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    For Many Locals, The Fear Of The Unknown Is Greater Than The Fear Of The Taliban

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    Populists feed on fear. So do dictators. The cunning leader knows how to profit from fear, which is the most accessible tool to tame people. Anxiety, disguised as chaotic reason, can lead even the strongest mind astray.

    Homes, workplaces, schools, playgrounds; ideas, religion, state — institutions founded on fear. To forbid is to punish. To permit, reward.

    The person is conditioned, even if the process mightn’t be predetermined. Fear stays perpetually within. Manipulators know the job best, which is to use fear for myriad purposes: from accumulating power to inciting violence.

    Both communists and capitalists know it. Theocracies thrive solely on it. However, the method varies. Communism does it by owning the means of productions; capitalism inculcates the fear of mortality and material loss; theocracies, since Ancient Egypt, have offered intangible protection against the unknown.

    Fear is a paradoxical doubled-edged sword. On the one hand, it uses an individual’s desire for security to steer a pledge of allegiance to a central power, on the other, it creates a sense of constant insecurity. This amalgamation leads to irrationality—the kind which exists purely on fear, not ignorance.

    Fear is a magnet. Reason can loosen up the rope and make it possible to overcome its gravity. And yet, the former looms large, because it is deeply rooted.

    Take, for instance, Islamophobia. It did not take long for some in the ‘literate’ West to succumb to the fear. In response, a coalition came up with a holy, yet secular, alliance against everything that uses the term ‘Islam’ —that could be ordinary people adhering to the religion or terrorist groups that use it for their power agendas. The fear has pushed western academia, media, and politics into simplifying complex realities. That’s because the space for reason in a fearful mind—individual or collective—is less.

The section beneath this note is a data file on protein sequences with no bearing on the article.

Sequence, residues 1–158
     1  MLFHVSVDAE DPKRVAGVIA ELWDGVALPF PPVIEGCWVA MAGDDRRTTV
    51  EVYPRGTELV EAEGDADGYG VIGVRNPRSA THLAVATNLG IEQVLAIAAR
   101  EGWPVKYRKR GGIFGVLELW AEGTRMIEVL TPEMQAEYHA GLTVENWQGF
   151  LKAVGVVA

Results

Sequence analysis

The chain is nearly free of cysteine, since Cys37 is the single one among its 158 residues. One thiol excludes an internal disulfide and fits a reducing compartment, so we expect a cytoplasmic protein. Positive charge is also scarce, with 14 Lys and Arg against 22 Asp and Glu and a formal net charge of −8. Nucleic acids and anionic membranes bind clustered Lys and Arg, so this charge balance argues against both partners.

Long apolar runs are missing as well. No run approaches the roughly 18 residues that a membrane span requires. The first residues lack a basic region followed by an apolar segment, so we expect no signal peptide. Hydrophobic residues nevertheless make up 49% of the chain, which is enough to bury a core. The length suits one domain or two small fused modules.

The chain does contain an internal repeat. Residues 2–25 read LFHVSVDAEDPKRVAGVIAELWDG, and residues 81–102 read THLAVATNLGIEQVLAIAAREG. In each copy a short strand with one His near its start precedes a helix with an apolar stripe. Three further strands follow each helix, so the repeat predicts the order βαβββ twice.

Fear can surpass reason. It presents a scattered view of surroundings and keeps a person occupied in piecing together a puzzle of emotions, stirred in a way that their origins seem unclear. The blend of negativity surrounding the unknown, and the desire for stability, creates a will to incline towards anything that promises security.

    That’s where populists have cashed in since Thucydides’s portrait of the Athenian general Cleon. Today, the support for the Taliban is derived from the same fear—this time, a fear of alienation.

    Here, too, reason is triumphed by the need for security that makes a case for a strong central identity, no matter how violent it may be. The supporters of the Taliban mostly circumvent the real motives of the group, the lure for power, and tout it as redemption and protection under the banner of Islam.

    The Taliban offer a distinctive identity that stands in contrast to the West, which has already alienated the locals. This compliance with identity overlaps with a desire for stability and dependability.

    The hysteria of fear is hard to overcome. For, it demands robust effort on the part of an individual or the populace. Reason needs to be at play long enough to deconstruct the deep-rooted pattern of thoughts that yield a bleary vision, seeking refuge only in external authority. After all, if things do not make sense, it is convenient to leave the job to someone else.

    Even so, the art of looking beyond that fear, once mastered, liberates one from external manipulative forces, in turn putting us in a larger framework of things and opening up seas of possibilities. Therefore, the maxim, ‘look beyond fear’

    This intellectual and emotive liberty comes at the cost of the bliss of ignorance. However, those who dare to see beyond fear, find meaningful solace.

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